May succeeds but the Cabinet now need to offer clarity
The agreement this morning between the UK Government and the Commission that sufficient progress has been made in the negotiations to move on to the all-important phase 2 discussions is undoubtedly a much-needed fillip to the Prime Minister. She has a deal which Cabinet Brexiters and Northern Ireland’s Democratic Unionists can live with but whose terms gives hope to Remainers that there is still a chance of salvaging an ongoing relationship with the single market and customs union.
This interim deal is also a strong signal that an eventual no-deal outcome is unlikely. The fact that Theresa May has been willing to make significant concessions to secure an agreement and the Commission has played a positive and encouraging role (while not really conceding anything) means that the hardest of Brexits is likely to be avoided.
Tory Brexiters have held their noses on an ongoing role for the European Court of Justice and substantial payments into European coffers in the interest of securing the big prize of ultimate withdrawal from the EU. They point out that today’s deal’s provision to maintain alignment with the single market and customs union only applies to those sectors covered by the Good Friday Agreement.
However, the Good Friday Agreement includes regulatory alignment on agriculture which means that for a significant economic sector, we will continue to be governed by Brussels rules long after we have left the Union. It also means that Liam Fox’s dream of concluding free trade agreements across the world are unlikely to bear fruit. Agriculture is usually an indispensable part of any free trade agreement and certainly a requirement for the US where the farming interests hold considerable sway in the Senate which ratifies any trade deal.
This alone will encourage Remainers to push for broader alignment with the single market and customs union on the basis that if we can’t conclude FTAs with other countries anyway, why give up the considerable economic benefits of the existing arrangements.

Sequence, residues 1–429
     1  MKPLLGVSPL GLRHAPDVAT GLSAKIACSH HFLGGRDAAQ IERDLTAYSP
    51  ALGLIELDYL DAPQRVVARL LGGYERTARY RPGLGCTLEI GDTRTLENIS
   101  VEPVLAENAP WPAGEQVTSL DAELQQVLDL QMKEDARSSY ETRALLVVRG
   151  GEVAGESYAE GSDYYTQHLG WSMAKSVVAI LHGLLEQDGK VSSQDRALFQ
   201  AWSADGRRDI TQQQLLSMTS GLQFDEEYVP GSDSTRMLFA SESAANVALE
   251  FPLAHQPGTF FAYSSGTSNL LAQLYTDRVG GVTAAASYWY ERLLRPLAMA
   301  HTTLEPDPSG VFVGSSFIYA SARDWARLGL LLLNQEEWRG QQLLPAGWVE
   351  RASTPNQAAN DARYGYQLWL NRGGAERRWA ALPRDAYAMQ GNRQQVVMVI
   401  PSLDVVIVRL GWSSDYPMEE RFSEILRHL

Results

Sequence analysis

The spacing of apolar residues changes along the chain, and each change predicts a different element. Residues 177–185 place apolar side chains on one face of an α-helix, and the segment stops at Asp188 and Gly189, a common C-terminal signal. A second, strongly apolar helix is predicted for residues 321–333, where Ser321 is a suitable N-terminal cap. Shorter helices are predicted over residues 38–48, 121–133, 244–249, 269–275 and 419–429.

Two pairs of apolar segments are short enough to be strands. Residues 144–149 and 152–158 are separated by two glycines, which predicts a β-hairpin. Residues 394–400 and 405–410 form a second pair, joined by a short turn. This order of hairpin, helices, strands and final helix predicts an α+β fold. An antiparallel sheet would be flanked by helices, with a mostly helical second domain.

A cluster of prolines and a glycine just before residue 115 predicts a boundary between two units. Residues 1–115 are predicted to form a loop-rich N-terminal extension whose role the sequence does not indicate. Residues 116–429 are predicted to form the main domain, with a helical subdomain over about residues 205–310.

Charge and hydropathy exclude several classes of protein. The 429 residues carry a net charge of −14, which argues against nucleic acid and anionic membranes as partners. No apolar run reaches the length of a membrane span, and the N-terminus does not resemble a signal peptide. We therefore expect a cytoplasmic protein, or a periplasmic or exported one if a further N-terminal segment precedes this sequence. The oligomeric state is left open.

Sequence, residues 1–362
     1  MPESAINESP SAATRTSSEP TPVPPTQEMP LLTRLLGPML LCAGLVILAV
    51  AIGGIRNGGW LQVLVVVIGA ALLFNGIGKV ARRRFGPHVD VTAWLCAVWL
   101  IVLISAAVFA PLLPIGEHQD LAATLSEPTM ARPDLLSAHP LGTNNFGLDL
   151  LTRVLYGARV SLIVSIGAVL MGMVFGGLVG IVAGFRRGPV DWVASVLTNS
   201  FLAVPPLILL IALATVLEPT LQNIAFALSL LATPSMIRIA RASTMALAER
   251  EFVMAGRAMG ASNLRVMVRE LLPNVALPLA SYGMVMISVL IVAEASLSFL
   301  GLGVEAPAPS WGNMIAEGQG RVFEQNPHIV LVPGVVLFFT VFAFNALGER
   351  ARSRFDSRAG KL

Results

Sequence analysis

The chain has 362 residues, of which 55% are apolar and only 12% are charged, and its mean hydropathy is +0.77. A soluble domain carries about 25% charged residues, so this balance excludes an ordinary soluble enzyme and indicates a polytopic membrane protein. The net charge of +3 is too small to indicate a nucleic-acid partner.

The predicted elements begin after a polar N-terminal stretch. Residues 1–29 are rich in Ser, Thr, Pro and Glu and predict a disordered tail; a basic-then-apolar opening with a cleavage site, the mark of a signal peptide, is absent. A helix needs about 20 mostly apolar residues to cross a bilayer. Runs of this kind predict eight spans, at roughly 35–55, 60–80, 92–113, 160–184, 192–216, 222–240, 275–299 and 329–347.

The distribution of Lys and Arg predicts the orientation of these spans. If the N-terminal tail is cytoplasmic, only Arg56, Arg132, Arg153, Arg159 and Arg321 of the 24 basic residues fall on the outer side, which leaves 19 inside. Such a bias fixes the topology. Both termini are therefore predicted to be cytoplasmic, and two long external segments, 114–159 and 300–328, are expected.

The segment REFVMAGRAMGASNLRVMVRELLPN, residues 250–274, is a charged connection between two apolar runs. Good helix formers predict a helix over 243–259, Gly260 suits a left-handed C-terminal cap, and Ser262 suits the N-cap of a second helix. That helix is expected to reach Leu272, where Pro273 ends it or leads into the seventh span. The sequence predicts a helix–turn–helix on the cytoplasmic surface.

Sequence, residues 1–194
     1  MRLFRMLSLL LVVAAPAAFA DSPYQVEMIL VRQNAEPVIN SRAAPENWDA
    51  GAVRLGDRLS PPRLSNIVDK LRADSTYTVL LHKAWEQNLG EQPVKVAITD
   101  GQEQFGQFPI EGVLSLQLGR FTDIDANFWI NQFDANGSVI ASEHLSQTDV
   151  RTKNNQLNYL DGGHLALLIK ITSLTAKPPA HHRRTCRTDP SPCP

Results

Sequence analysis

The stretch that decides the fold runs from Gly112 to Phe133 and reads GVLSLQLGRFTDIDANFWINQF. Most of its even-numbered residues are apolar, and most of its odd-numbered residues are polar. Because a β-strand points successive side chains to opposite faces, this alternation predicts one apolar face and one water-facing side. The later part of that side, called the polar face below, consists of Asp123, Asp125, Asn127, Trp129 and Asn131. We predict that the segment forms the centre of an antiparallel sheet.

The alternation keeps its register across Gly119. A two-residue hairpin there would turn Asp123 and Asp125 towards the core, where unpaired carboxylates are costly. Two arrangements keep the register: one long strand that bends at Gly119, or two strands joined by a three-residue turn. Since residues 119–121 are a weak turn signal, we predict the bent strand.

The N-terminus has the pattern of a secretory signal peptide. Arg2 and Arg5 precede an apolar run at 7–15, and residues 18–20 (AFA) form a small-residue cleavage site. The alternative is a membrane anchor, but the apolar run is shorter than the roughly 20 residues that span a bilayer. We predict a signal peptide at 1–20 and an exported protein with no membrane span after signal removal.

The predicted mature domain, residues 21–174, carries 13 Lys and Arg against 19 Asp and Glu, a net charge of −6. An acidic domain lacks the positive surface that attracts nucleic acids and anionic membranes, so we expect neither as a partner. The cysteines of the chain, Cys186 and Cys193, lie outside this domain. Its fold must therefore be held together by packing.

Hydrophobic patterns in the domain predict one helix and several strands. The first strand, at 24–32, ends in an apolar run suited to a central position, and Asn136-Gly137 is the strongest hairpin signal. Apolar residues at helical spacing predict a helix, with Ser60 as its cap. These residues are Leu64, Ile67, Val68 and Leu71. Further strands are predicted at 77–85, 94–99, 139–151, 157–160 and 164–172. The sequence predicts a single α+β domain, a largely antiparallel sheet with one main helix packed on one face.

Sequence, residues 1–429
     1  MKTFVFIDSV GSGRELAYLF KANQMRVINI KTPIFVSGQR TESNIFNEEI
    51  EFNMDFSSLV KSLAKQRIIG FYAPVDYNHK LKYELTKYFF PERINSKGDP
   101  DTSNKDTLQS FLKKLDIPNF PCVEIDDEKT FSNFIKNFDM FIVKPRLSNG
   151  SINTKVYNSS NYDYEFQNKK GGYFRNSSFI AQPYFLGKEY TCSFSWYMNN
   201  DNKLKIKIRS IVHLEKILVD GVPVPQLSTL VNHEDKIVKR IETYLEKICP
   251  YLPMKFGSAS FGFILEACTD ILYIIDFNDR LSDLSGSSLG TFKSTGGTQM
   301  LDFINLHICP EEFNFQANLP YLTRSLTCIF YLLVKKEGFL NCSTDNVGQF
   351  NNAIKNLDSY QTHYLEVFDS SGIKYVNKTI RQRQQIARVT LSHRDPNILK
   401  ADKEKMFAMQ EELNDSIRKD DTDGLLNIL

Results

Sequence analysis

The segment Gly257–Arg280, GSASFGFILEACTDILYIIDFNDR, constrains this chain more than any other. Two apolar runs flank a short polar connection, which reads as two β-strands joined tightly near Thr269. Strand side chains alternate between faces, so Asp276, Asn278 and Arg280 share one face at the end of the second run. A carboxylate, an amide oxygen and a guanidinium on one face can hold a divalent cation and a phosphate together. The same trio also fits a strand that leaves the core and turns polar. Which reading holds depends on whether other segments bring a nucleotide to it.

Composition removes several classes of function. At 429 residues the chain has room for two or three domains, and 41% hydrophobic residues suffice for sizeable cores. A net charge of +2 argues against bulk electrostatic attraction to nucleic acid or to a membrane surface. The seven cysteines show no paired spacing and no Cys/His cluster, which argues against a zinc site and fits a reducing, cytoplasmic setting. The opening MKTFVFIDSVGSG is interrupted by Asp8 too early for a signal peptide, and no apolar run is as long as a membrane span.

This drift towards an eventual endgame based on the single market and customs union is likely to be helped by Labour’s own evolving position. The shadow cabinet and its European spokesman Keir Starmer seem to be on a journey to accepting ongoing UK participation in both the market and the customs union.
However the path will not be a smooth one. For most Brexiters, freedom from Brussels rules and its courts is a red line. For Labour, the freedom of movement provisions of the single market will cause considerable problems for many Labour MPs.
The first major test will be the Cabinet discussion of the end game promised before Christmas. So far, Theresa May has against the odds kept her Cabinet together, largely by snail-like movement on the negotiations and avoiding discussion on anything too difficult.
Discussion will inevitably focus on whether the UK is faced with two simple choices of a Norway or Canadian type deal. Norway is politically unpalatable for Brexiteers who want full sovereign decision making. Meanwhile Canada is not viewed of sufficient scale to satisfy the demands of the British economy, particularly on services.
Moving into phase 2 means May has to crystallise her views and those of the government. The ‘wait and see’ period for British politicians is drawing to a close.